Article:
The Yellow Turtle
A toy at my mother’s’s house is having a bit of an identity crisis. It’s a yellow turtle shape sorter, that sports a rather fetching blue hat not too dissimilar to those of navy officers. Frequently, we may find it with its shell off and going for random walks around my mother’s living room, or lounging on the sofa watching TV. It’s not too unusual to see the turtle without his shell. After all, shells are quite heavy, right? What was unusual though, is what happened one day last week. Little Z ,playing as he normally does, came running to me asking for a piece of bread. After persuading him to eat a chicken sandwich, I relented and gave him some bread, and he ran off happily. , Shortly afterwards, I went to see if Little Z had eaten his bread and was ready for lunch. And that’s when I made the discovery: The turtle behaving a bit oddly. As if it were a duck. Same expression, same smile…but acting like a duck. Little Z sat on a chair obliging this identity crisis by throwing bits of bread to the turtle. The turtle seemed to be enjoying this new experience of being fed like a duck at a park. The two were having such a good time, I stopped short of telling off Little Z for throwing bits of bread all over the carpet. Instead, I suggested that perhaps his friend was not whom he was claiming to be. “Little Z, that’s not a duck! Its a turtle!” Little Z, in full support of his little friend, simply retorted: “It’s a duck! Duck go Meck Meck Meck.” “Ummm…you mean Quack Quack?” “No…Meck! Meck! Meck!” Hmmm. 25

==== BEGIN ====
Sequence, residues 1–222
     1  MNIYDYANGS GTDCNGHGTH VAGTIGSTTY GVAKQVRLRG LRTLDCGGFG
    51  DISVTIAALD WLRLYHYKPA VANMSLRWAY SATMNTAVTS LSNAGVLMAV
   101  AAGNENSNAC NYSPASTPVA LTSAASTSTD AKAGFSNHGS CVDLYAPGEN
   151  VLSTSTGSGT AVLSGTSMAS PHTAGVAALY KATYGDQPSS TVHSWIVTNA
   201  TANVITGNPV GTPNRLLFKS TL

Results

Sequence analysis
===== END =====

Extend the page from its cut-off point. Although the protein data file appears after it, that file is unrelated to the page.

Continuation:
Design Theory: Printed Patterns At University, I am required to study a module called Design Theory: form in art and design, through pattern and its underlying structural frameworks. Our assignment was to complete a “collection of designs which tile plane without gap or overlap.” We needed to create twelve patterns or tiling – elements cut or drawn from a regular polygon; six designs from a square; then six from either an equilateral triangle or hexagon. I initially created a mood-board of images that were to inspire my pattern designs. I researched African tribes, their culture, dress, art, huts and jewelery. I love their vivid, bold color schemes, and striking angular shapes especially of their costumes and huts. After collecting these inspirational images, I picked my six colors for the palette of my twelve pattern designs. I cut both a square and hexagon into unequal parts and went about creating my patterns using Adobe Illustrator. This was extremely mind taxing and made my eyes go a bit funny, looking at the patterns for too long! Once I had produced all six designs after very long hours spent staring at a screen, I selected one of my patterns and showed my intended final-end use. I intended my pattern designs for children’s printed teepees, in which the designs would be digitally printed onto cotton canvas. The bold prints would be appealing for a child’s play teepee,fun and eye catching, for both indoor and outdoor purposes. Although this project was very time consuming, I am really pleased with my final designs.